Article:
As we’ve been saying, we are committed to working with the Government to achieve a workable Code. However, the principle of unrestricted linking between websites is fundamental to the web and to Search. Coupled with the unmanageable financial and operational risk if this version of the Code were to become law it would give us no real choice but to stop making Google Search available in Australia. That’s a worst-case scenario and the last thing we want to have happen—especially when there is a way forward to a workable Code that allows us to support Australian journalism without breaking Search.
We believe there’s still time to get this right: with reasonable amendments there is a path to a workable Code that provides a framework in which Google can pay publishers for value under the Code without undermining Google search and the fundamental importance of linking freely.
Fact 4: It’s not just Google who says paying for links and snippets damages the web
Many others have raised concerns that paying for links and snippets would undermine the fundamentals of the free and open web. This includes:
The Business Council of Australia said “...the requirement for digital platforms to pay for providing a link to another website runs counter to one of the fundamental tenets of the internet: the ability to link freely between content. The ability to freely make these connections has underpinned the creativity and sharing of knowledge enabled by the internet. This legislation undercuts this fundamental principle that has, for decades, enabled the internet to deliver real benefits to all Australians.”
Tim Berners-Lee, the inventor of the World Wide Web, said the law “risks breaching a fundamental principle of the web by requiring payment for linking between certain content online”.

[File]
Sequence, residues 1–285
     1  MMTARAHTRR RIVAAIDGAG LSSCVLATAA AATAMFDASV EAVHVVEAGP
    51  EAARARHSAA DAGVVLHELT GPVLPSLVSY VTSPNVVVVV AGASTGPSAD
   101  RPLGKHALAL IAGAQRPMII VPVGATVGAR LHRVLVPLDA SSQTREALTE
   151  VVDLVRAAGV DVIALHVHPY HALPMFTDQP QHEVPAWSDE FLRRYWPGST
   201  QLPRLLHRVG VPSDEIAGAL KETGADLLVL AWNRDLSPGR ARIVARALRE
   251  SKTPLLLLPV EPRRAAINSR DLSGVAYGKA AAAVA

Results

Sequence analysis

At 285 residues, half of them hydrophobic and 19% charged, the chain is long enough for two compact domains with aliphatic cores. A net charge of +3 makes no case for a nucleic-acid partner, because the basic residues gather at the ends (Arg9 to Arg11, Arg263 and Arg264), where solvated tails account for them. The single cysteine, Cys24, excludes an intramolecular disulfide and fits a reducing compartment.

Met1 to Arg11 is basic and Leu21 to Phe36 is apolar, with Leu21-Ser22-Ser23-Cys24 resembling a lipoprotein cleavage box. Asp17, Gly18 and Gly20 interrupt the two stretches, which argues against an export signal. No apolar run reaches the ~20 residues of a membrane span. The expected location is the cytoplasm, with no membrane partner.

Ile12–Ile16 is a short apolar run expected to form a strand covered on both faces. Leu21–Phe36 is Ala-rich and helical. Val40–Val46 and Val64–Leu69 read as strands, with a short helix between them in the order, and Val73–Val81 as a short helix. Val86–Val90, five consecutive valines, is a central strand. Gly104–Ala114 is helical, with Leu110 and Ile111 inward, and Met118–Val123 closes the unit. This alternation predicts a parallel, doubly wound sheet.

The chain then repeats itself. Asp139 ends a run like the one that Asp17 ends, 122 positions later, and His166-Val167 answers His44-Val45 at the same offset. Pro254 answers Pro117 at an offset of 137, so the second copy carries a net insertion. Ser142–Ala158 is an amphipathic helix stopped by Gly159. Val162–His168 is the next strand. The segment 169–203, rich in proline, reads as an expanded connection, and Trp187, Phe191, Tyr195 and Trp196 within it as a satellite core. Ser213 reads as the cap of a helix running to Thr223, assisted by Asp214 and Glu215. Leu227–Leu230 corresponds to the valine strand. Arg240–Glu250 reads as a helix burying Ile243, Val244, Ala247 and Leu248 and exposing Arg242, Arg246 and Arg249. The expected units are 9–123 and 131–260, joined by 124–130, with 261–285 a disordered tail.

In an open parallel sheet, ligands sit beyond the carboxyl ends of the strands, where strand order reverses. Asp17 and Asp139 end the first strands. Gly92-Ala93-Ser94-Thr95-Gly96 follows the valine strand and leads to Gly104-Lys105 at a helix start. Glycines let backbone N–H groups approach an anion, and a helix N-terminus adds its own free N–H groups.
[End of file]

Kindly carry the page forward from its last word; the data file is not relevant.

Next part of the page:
Scott Farquhar, co-founder of Australian tech company Atlassian, told The Australian on January 15: “The precedent of charging for links and snippets is a fundamental threat to the open internet, not just Google.”
Vint Cerf, chief internet evangelist at Google, who’s also regarded as one of the ‘fathers of the internet’ said: “In its current state [the bill] represents a fundamental challenge to the free and open Internet, to the functioning of the country’s digital economy, and to Australia’s economic future…”
Many more submissions made to the Senate Committee and previously to the Australian Consumer and Competition Commission raise similar concerns. Read more about the submissions to the ACCC here.
Fact 5: Google has a proposal for amendments to the law that support journalism––without breaking Google Search.
We’re proposing to pay publishers through Google News Showcase, not for links and snippets in Search. News Showcase is a licensing program we’re investing AU$1.3 billion (US$1 billion) in globally over the next three years to help news businesses publish and promote their stories online. Publishers would get paid for journalist’s editorial expertise and beyond-the-paywall access to their journalism. Nearly 450 publications in a dozen countries globally have already signed up, including six publishers in Australia.